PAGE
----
Eliza Carthy: Neptune

Last year Eliza Carthy and her mother Norma Waterson got together as a duo to make the album Gift which turned out to be one of the best folk recordings of the last few years. She also recorded an album with The Imagined Village, a multi-cultural English roots band which includes father Martin Carthy. Now we have a new solo album from Eliza. This time, in complete contrast, Neptune (Hem Hem Records) contains nothing traditional at all and is instead her third album of original songs. Like its predecessor Dreams of Breathing Underwater (2008) this is nothing if not an eclectic and adventurous affair with Eliza’s imagination running riot once more, but with a strong coherent bunch of supporting musicians generally keeping a tight rein on things. The results are even more successful than before.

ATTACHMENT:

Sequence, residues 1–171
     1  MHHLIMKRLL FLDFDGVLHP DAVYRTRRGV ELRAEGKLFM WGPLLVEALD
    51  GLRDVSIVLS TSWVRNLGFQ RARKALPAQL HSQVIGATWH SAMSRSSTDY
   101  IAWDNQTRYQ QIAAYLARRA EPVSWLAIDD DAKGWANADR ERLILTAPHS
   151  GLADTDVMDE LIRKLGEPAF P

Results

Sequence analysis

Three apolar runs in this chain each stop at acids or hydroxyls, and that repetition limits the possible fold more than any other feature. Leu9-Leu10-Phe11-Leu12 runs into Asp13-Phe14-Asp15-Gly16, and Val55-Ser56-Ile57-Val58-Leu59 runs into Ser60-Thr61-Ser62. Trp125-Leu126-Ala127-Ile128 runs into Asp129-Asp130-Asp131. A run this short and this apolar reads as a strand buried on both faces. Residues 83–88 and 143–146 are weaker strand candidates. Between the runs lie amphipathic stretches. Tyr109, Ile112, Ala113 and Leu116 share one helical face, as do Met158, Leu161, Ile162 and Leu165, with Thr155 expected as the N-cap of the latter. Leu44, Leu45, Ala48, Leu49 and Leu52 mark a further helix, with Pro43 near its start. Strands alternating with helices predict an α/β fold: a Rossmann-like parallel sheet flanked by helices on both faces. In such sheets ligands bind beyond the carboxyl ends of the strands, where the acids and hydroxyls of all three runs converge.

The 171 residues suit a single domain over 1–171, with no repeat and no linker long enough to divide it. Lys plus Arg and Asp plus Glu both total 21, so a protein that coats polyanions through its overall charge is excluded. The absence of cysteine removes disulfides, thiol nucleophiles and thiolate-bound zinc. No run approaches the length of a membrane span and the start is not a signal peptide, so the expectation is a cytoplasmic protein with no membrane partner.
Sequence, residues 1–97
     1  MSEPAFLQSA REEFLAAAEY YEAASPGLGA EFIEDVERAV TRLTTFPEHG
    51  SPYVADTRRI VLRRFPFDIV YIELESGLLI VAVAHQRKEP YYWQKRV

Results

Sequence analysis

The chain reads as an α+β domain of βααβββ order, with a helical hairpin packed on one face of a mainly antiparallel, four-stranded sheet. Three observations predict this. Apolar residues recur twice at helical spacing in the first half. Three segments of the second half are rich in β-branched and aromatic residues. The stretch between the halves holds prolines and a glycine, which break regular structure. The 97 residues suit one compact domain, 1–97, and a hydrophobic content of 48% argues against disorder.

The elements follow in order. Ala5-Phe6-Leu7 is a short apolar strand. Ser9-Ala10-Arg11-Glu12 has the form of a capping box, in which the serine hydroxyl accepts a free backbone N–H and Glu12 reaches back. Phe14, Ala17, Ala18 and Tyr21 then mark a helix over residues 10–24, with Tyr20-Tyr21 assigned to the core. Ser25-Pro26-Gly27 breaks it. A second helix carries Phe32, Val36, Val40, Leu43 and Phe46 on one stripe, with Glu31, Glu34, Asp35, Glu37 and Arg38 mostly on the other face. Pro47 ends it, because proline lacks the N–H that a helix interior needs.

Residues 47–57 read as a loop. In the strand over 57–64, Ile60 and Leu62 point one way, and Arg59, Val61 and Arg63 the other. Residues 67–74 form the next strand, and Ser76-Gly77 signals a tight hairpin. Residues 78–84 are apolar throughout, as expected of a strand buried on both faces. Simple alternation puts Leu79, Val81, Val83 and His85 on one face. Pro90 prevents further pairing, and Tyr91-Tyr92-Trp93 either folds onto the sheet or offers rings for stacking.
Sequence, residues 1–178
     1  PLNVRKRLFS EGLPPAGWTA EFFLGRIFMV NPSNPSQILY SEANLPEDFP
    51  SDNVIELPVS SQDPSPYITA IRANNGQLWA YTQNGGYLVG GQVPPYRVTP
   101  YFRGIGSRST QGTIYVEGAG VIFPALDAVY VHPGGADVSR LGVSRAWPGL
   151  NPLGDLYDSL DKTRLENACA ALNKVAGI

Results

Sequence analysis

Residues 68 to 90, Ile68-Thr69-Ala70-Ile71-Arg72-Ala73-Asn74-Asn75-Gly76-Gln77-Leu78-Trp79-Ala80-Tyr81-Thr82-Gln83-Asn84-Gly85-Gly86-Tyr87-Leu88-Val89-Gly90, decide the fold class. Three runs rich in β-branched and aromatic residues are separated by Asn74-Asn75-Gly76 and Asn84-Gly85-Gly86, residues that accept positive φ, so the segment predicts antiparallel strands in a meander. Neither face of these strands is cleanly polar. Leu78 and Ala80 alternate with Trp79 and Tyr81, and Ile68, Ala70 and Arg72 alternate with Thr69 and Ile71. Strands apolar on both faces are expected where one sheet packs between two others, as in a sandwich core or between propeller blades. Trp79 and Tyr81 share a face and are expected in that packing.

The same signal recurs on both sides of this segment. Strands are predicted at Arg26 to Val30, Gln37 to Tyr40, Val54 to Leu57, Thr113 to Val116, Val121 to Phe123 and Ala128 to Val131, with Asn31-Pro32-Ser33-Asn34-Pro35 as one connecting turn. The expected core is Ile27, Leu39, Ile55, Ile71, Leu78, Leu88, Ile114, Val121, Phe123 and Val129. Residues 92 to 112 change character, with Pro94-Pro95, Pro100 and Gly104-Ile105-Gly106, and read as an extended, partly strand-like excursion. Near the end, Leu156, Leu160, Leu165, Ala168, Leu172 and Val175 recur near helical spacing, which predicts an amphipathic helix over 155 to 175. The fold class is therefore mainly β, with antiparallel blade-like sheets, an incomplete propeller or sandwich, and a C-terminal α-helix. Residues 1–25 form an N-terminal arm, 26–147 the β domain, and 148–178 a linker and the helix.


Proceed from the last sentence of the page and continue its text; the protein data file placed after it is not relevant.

The album starts with the punchy ‘Blood on my Boots’ which has electric guitar, bass, drums, accordion and honky tonk piano, and an effective use of light and shade. The changes continue throughout the ten tracks which touch on reggae, jazz, music hall and more. Some of the lyrics border on the surrealistic and there are enough musical twists and turns to make us wonder if Elvis Costello didn’t have a hand in this. ‘Revolution’ is performed in the style of a 1960s romantic pop ballad, while ‘Write a Letter’ is a gorgeous track with a lush background of strings and brass. The joyful romp through ‘Monkey’ finds the album at its most catchy and playful. ‘Britain is a Car Park’ is the only song which hints of Carthy’s background in English folk song with its opening harmony vocals. Most of the songs also contain a strong element of social comment. It’s a tough album to categorize and perhaps best not to try. Enough to say that this is Eliza Carthy’s best album of original songs to date and a thoroughly rewarding listen.

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